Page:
Thursday, May 7, 2020

"Safer at Home" In WI Seems To Be Working...Except In Places People Are Ignoring It

Waukesha Co. residents keep defying the order...and wouldn't you know it? The gap between Dane County's rate of COVID cases and their cases is widening.

"Safer at home" in Wisconsin seems to be working...for now.

In spite of protests at the capitol (and many others in Waukesha County...more on that in a second), and the forced in-person election that Republicans in the state legislature made happen, the trendline for coronavirus cases in Wisconsin, as of right now, is going down, since the announcement of Gov. Tony Evers's "Badger Bounceback" was made.

We're not out of the woods yet, but we're seemingly going in the right direction.

The past four days have seen testing percentages of coronavirus in the state below 10 percent. The four days prior to that had all seen testing percentages that were above 10 percent, so it's great news that we're away from THAT trend.

Check out the red line in the graph below. That's the direction we're presently headed in:

It's not a statistically significant change from where we were weeks ago, but it's still a more desired path than a line in the opposite direction would be.

Now, the bad news. Wisconsin residents are apparently not adhering to social distancing standards the way they used to. This report from NBC 15 in Madison explains how our "grade" has gone down:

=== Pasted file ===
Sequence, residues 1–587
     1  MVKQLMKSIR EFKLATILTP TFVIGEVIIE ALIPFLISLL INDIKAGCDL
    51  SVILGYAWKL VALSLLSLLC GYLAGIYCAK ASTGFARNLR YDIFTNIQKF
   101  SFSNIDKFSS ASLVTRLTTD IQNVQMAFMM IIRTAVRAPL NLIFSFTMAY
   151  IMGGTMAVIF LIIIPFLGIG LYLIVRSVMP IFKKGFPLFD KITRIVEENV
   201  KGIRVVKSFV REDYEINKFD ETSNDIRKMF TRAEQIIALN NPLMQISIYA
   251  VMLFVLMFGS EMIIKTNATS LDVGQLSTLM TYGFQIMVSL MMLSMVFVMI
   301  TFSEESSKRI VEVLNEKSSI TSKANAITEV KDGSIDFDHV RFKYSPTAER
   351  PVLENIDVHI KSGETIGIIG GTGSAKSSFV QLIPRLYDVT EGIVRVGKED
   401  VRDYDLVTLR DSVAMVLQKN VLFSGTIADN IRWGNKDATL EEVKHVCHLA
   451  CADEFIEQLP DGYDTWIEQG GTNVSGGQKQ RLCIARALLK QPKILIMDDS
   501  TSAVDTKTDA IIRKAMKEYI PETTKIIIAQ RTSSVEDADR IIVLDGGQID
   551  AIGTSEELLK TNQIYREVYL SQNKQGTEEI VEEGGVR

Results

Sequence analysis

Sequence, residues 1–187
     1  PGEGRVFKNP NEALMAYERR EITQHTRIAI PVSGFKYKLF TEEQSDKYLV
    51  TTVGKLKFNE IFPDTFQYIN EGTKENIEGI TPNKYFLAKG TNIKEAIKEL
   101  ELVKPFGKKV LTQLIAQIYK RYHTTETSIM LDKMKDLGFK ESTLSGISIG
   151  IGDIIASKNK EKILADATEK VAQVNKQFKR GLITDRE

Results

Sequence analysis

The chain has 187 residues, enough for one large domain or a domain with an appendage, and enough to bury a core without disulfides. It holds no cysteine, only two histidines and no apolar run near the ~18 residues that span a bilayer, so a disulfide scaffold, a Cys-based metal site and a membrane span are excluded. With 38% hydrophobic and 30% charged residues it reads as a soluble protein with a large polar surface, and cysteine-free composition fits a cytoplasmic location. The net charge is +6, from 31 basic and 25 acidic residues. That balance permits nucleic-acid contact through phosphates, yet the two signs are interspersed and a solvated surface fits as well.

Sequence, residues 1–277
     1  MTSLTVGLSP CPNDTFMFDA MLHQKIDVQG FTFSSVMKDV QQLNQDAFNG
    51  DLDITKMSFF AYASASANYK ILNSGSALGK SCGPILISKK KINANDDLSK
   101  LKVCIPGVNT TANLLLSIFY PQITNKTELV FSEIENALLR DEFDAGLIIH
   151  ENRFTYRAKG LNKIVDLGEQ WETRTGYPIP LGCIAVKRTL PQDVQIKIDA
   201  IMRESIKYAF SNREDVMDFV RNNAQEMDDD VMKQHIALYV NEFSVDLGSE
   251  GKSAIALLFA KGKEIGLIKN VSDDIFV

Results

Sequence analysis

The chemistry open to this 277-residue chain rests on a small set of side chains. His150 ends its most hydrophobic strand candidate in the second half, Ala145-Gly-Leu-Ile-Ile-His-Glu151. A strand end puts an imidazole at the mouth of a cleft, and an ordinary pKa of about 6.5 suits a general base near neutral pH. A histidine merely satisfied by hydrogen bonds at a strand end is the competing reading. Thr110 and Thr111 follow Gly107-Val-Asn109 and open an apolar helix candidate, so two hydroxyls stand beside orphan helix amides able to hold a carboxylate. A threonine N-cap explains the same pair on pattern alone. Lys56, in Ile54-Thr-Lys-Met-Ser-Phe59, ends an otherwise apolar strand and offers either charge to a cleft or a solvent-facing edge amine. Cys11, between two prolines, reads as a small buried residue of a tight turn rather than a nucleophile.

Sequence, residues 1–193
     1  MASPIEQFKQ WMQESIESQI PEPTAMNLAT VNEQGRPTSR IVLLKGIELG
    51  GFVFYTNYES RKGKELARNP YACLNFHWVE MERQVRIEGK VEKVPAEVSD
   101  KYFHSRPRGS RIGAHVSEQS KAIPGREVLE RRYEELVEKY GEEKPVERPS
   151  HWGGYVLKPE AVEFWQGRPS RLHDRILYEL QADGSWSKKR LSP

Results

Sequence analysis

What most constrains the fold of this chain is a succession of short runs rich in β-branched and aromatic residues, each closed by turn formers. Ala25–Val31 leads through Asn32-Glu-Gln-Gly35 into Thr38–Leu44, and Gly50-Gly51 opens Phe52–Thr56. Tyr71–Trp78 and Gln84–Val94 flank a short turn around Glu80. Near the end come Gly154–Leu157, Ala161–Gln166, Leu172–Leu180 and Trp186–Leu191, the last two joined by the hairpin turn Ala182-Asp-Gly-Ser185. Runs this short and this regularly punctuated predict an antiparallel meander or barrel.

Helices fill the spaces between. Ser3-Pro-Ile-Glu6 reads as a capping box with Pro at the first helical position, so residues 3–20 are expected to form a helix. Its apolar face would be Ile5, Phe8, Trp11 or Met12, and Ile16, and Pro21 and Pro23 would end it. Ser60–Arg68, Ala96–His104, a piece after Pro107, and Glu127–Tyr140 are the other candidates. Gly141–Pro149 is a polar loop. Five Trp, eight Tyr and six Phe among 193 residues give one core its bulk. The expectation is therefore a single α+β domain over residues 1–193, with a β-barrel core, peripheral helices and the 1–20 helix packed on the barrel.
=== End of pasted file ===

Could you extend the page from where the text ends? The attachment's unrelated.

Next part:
A New York-based data analytics company, Unacast, is keeping a social distance score throughout the pandemic. The tool gives a grade based on several categories using cell phone data and comparing it to a pre-covid-19 time period.

Six weeks ago, Wisconsin received a ‘B ’grade. Today, the state dropped to a 'D.'
Sadly, Dane County is down to a "D" as well in its grade.

But here's a theory I have about our county's grade: It's possible that our lower grade is inflated, somewhat, by all of the out-of-towners who flocked to Madison last month in order to protest at the capitol. Unacast's models are based on cellphone data, and documenting that much travel in the area may have made it seem like we were doing more bad than good when it came to social distancing.

It's also possible that we're not doing as well as we should. We should keep an eye on Unacast's future reports to know for sure...

But interestingly, Waukesha County is doing worse in its grade from Unacast, down to an "F," according to Unacast's grading system.

I point out the difference between the two counties because, last Saturday, I tweeted out a prediction that the gap in the rates of coronavirus cases between Dane County and Waukesha County would expand, with Waukesha's rate being higher. My reasoning was that Waukesha residents (particularly in Brookfield) keep holding protests in which they gathered to protest the stay-at-home orders that are currently in place because they want their damn haircuts back.

Here's my tweet from that time:
As noted above, Waukesha County had a rate of coronavirus cases last Saturday that was 9.45 percent higher than Dane County's rate. As of Thursday, where do things stand?

Waukesha County now has a rate that's 14.4 percent greater than Dane County's rate, according to the Journal Sentinel's coronavirus tracker.

In short, social distancing seems to be working across much of the state, except in communities where people flout it. Pretending like it doesn't matter how we react to what Waukesha residents have done...seems, at first glance, to result in the spread of the disease.

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